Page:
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Calhoun sentenced to five years

Douglas Calhoun, former SSP Credit Union treasurer, was sentenced to five years in prison, fined $10,000 and ordered to make restitution of nearly $4 million to an insurance company for stealing money from the credit union over a 12-year period.

He appeared before Judge Frank McCown in Lawrence County Common Pleas Court for sentencing Wednesday with an audience filled with more than 25 former members of the now-liquidated credit union.

Calhoun was sentenced the maximum of 12 months on the charge of theft,

five years each on two counts of aggravated theft over $100,000 and 18 months on 10 counts of grand theft of amounts between $5,000 and $100,000.

Judge McCown stated that Ohio law mandates that the charges be treated as a single incident and that, although he was sentenced for each count, the sentences will be served concurrently, meaning that Calhoun will spend a total of five years in prison.

"These victims suffered serious economic harm and violation of trust that facilitated the theft," McCown said to Calhoun. "These were your friends. They trusted you. You breached their trust in the most grievous way you could. Fortunately, their life savings were not lost."

Gerald Hall of Kitts Hill, said he has known Calhoun for 38 years and worked with him for 17 at the Solvey Coke Plant in Ironton.

"It makes you realize you cannot trust just anybody with your money. Everyone trusted him their lives," he said. "The sentence should have been 15 years in a prison that is not a country club."

Ironton resident Phyllis Spanner agreed that the sentence was disappointing and sets a bad example.

"I think it was a smack in the victims' faces," she said. "That is good money for five years."

Based on the magnitude of the crime, and this betrayal of trust, Steven Tigges, a Columbus attorney representing SSP's insurance company, American Share Insurance, and Prosecuting Attorney J. B. Collier Jr. said they had hoped the sentences could be served consecutively.

"My client, American Share Insurance, stands here today as the biggest victim in this case.

ASI is the largest private deposit insurer in North America -- in business for more than 30 years," Tigges said. "Never in those 30 years have there been thefts of this magnitude. We believe this is the single largest theft by an employee of a financial institution in the state of Ohio."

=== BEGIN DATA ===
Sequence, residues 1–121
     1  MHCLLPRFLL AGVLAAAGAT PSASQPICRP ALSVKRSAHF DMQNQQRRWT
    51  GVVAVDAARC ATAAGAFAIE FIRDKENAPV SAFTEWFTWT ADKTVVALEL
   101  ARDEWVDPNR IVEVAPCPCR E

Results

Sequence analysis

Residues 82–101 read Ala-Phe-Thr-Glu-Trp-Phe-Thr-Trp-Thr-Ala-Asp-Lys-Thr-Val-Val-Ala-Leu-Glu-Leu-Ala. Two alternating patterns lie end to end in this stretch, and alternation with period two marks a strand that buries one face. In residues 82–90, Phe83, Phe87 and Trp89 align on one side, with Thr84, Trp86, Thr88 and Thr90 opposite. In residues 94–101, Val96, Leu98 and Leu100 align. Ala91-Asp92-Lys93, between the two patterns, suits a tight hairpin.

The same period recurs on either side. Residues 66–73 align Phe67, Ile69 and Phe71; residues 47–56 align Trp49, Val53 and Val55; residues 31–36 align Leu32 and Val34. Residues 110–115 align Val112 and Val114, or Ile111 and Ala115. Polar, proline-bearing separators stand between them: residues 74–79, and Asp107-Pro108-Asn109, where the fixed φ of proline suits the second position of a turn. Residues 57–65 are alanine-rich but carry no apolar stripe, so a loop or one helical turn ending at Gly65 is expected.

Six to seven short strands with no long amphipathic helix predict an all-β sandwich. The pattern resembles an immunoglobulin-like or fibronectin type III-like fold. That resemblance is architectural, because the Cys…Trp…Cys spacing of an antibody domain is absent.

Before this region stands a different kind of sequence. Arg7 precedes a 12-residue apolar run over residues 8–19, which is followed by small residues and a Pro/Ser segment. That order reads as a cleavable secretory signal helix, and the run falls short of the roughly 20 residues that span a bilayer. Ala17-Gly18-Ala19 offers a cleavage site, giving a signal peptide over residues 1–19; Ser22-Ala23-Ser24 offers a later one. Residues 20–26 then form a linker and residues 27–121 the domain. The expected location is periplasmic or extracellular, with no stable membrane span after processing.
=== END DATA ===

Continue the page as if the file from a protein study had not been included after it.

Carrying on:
Calhoun was charged with physically taking approximately $1 million.

However, ASI paid out $3.8 million that included the 8-percent interest that Calhoun had promised the members. Approximately 99 percent of the credit union members were reimbursed all of their money.

The thefts span from Jan. 1, 1990, to May 17 of this year. Tigges said when ASI, which logged more than 3,000 hours on the case, took over the financial books approximately $3.8 million dollars

should have been in the credit union. However, only $11,000 remained in the accounts.

McCown also ordered Calhoun to make $3,930,000 in restitution.

"Realistically, can we expect it will all be satisfied? Probably not," Collier said.

"He must serve the full five years. Is that enough punishment? We do not think so."

Collier said he believes that Judge McCown imposed the maximum sentence as allowed by law and that maybe the legislature needs to look at the law.

It was difficult to track all the money because too much time has passed, false records were kept and more than 100 cases were found where Calhoun asked for deposits to be made in cash, Tigges said.

"This was not just a case of theft, but 13 years of coverup as well," he said. "We believe this defendant has that money squirreled away somewhere."

Tigges pointed out that Calhoun's lavish lifestyle included purchasing four vehicles by paying in cash, investing more than $20,000 in the stock market, taking numerous vacations to Gatlinburg, Tenn., the Caribbeans, and following the University of Kentucky basketball team to many games, including those in New Jersey and Missouri.

Calhoun briefly addressed the court.

"I am very sorry for the hurt and embarrassment I have placed on my family," he said. "I want to apologize to all the members of the credit union. I would like to apologize to ASI. If there is any way possible to make restitution I will do so."

Calhoun and his attorney, Steve Rodeheffer of Portsmouth, said that they will not appeal the ruling. When contacted after the sentencing, Rodeheffer declined to comment on the case.